When African Children's Choir member Nina returns home to Uganda after traveling to New York and beyond in the documentary "Imba Means Sing," friends from her village can't believe their eyes.
"You look beautiful!" says one woman in an exclusive clip for mom.me.
"Nina has come back!" one friend says. "I'm happy. Oh my gosh! You are so grown."
The young girl is one of three African children who get the spotlight in "Imba Means Sing," a documentary that debuts digitally and in limited theaters on December 4 from Momentum Pictures.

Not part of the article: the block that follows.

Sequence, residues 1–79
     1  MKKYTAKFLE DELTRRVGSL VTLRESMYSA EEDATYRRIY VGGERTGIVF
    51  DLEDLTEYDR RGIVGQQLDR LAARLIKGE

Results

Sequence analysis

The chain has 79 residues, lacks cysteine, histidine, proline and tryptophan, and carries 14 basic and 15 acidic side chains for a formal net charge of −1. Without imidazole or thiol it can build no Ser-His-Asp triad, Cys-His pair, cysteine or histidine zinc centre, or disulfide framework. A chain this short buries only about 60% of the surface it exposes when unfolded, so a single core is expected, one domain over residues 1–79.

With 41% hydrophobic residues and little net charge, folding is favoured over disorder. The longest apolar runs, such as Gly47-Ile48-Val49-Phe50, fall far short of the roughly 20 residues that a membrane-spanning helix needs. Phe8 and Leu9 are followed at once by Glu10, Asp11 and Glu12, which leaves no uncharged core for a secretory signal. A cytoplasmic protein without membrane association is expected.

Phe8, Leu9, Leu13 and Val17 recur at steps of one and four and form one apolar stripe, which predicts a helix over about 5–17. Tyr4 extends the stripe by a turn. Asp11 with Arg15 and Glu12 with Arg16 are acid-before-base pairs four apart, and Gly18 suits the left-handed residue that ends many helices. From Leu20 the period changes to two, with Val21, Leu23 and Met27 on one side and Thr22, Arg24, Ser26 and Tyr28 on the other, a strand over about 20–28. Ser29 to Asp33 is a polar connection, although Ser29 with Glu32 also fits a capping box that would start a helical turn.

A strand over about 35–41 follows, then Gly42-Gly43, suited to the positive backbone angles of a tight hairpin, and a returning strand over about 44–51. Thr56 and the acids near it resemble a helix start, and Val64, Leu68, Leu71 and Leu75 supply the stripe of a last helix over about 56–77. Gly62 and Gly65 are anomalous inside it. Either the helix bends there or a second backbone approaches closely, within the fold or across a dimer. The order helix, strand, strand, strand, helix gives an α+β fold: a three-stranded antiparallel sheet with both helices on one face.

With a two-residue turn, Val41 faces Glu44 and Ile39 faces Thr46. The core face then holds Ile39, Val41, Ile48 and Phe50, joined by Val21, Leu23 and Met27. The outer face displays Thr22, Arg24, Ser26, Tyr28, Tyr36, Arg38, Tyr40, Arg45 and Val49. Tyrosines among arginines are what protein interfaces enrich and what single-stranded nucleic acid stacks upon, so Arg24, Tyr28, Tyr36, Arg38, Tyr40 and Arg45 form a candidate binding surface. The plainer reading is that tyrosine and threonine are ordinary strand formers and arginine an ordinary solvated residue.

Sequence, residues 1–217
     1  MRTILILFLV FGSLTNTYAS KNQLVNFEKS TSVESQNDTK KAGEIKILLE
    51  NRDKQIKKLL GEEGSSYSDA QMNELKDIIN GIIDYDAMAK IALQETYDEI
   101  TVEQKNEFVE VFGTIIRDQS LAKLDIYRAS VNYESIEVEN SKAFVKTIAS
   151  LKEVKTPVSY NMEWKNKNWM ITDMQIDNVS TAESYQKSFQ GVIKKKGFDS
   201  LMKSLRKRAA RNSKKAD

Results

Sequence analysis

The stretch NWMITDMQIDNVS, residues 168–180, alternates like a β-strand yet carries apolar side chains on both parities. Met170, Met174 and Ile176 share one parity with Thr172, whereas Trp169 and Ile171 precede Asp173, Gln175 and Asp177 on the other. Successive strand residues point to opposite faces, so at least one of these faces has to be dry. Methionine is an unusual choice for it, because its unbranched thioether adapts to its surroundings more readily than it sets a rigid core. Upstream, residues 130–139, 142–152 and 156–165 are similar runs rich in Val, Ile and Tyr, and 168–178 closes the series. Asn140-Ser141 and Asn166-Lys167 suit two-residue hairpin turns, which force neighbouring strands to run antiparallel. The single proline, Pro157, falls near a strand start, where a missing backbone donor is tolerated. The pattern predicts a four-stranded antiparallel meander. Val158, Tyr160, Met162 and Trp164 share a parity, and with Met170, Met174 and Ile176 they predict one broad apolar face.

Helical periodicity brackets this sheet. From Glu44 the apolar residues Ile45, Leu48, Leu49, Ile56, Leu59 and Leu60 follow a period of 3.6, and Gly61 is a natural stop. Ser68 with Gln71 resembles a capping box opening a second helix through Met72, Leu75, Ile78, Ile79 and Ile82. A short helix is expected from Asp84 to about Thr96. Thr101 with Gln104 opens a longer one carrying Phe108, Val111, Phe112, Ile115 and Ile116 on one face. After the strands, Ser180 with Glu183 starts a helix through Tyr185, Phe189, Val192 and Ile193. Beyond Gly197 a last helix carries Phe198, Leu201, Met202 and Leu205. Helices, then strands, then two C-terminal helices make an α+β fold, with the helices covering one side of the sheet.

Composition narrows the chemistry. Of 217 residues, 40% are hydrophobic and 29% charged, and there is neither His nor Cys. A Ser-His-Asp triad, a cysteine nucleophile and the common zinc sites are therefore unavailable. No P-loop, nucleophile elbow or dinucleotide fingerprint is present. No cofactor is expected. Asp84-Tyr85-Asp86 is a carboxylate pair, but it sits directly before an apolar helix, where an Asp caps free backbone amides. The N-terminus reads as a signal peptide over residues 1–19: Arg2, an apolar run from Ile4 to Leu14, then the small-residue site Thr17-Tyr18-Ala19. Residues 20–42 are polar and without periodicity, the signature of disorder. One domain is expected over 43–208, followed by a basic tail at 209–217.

The film also follows 8-year-old Moses, the choir's star drummer, whose family doesn't have the resources to send him to 1st grade. Angel, who wants to become the first female president of Uganda, is also featured in the film.
Being selected for the African Children's Choir is a major opportunity for kids who otherwise grow up in extreme poverty. After they join the choir, they are professionally trained to sing and dance. They then travel to the United States, Canada and the United Kingdom to perform, and their performances raise money that will then fund their education.
"Oh thank you for bringing back Nina," an offscreen friend shouts to Nina's mother in the clip. "Are you sure this is your daughter? She's grown, she's changed, she's happier."
"What's up with you?" asks Nina's mother. "This is my daughter! She is mine."
Image via "Imba Means Sing"